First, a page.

What should I do if my flight gets cancelled and is not covered by EC261?
You never think it will happen to you – and even though the odds are in your favor – nothing can really prepare you for looking at the departures board and seeing those ominous, big, red letters… CANCELLED.
It’s one of the most dreaded words any traveler can see, and if you fly enough, you’re bound to see this awful phrase pop up next to your flight’s number eventually.
First things first… Don’t panic!
Last year when my Emirates flight from New York City to Milan was cancelled last minute, I freaked out and was running around like a chicken with my head cut off.
In hindsight, that was definitely not the way forward!
If I had known better, I could have followed these top tips for not letting a cancelled flight ruin my trip and saved myself all that hassle, but I didn’t.
I am so glad that I checked my flight’s status before I left for the airport though, because Emirates hadn’t sent me any type of notification to let me know of the cancellation! 🙁
I called customer support right away, but the only thing the agent could tell me was that the inbound flight from Milan to NYC was cancelled due to technical issues with the aircraft, and that it wouldn’t be rescheduled until the next day when the incoming flight from Milan would finally arrive.
Learn your rights
Thankfully I live in New York, so unlike some of the unlucky tourists, I didn’t have to spring for another night of a hotel to wait for our newly rescheduled flight.
Although Emirates did end up paying for the hotel rooms for the out-of-towners on my flight, you should make sure to check the contract of carriage with your particular airline to see what you’re entitled to in these types of situations.
On top of that, you should also research your passenger rights and see if you might be entitled to compensation under EC261 — a European law that protects flyers if their flight to or from the EU is delayed, cancelled or overbooked.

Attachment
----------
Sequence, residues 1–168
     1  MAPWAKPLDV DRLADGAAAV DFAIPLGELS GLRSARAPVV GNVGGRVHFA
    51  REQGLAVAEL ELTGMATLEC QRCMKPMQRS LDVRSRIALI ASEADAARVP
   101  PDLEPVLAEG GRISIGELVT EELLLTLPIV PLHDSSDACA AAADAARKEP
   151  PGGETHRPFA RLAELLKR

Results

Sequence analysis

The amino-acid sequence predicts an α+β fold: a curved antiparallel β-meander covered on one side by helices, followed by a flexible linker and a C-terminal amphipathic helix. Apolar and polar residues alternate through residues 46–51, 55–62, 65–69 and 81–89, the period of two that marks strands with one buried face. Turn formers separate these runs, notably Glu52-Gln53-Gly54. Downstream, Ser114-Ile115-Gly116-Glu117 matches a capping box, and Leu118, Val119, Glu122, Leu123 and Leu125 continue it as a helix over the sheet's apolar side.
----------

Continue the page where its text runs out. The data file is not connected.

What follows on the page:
Unfortunately for me, I was flying to Europe with a non-EU airline on this trip, so my flight was not eligible for compensation.
However, if I had been flying to Italy with a European carrier like Alitalia, British Airways or Lufthansa, then I would have been eligible for up to 600 in compensation for my cancellation!
When in doubt, it only takes 3 minutes to use AirHelp’s super easy online claim form to check if your cancelled, delayed or overbooked flight is eligible for compensation – so go for it, you’ve got nothing to lose!
Deal with it when you get home
I wish I hadn’t wasted so much energy worrying about what I could do when my flight got cancelled, because in the end, there is nothing you can really do about it until you get back from your trip.
For better or for worse, you are at the mercy of the airline – unless you want to splurge and buy a brand new ticket with another airline – so in most cases it is better to go with the flow and roll with the punches.
(Side note: some airline are better than others at dealing with delays and cancellations, so check out the your airline’s AirHelp Score to see how they stack up to the competition!)
The reason I say deal with it when you get home is, I fussed and pitched a fit at the airport and on the phone with customer service, but it got me no where and just put me in a horrible mood and gave me a headache.
However, when I got back from my trip, I emailed Emirates customer service right away and provided detailed receipts of all of the extra expenses that I incurred from the cancellation and missing a whole day of my vacation.
Emirates wouldn’t pay me back for the train tickets that I had reserved in advance, but they did pay me back for the missed night at our hotel. In the end, they sent us a check for $250 to repay us for our unused reservations.
They also gave my fiancée and I 40,000 Skyward miles each as a sign of good faith, which is actually a nice chunk of miles since Emirates is one of the world’s top airlines!
We’ve actually already cashed in those miles, by booking a cheap flight back to Milan for $800 each, and used 30,000 of the Skyward miles we each got to upgrade to business class!
So in the end, we missed a whole day of our vacation and had a crazy 36 hours trying to make it to Milan.
For future trips I’m definitely going to have a side “emergency fund”, just in case something like this happens again and I have to pay out of pocket for train tickets, hotels, etc. that I hadn’t anticipated.
Considering the circumstances, our airline did a nice job of reimbursing us for our cancelled flight even though we weren’t entitled to compensation.
My best advice is to make sure you keep all of your receipts for the expenses incurred during your flight delay or cancellation, and email them to customer support after your trip, as the gate agents and representatives at the airport don’t really have authority to compensate passengers directly.
Try your best to negotiate with customer service to make sure you get your extra expenses paid for, and then try to wiggle some free frequent flier miles out of them as well.
There’s always a silver lining to every situation, and thankfully we came out on the winning end with a free business class upgrade for our next trip!
Image Credit:João Sá Leão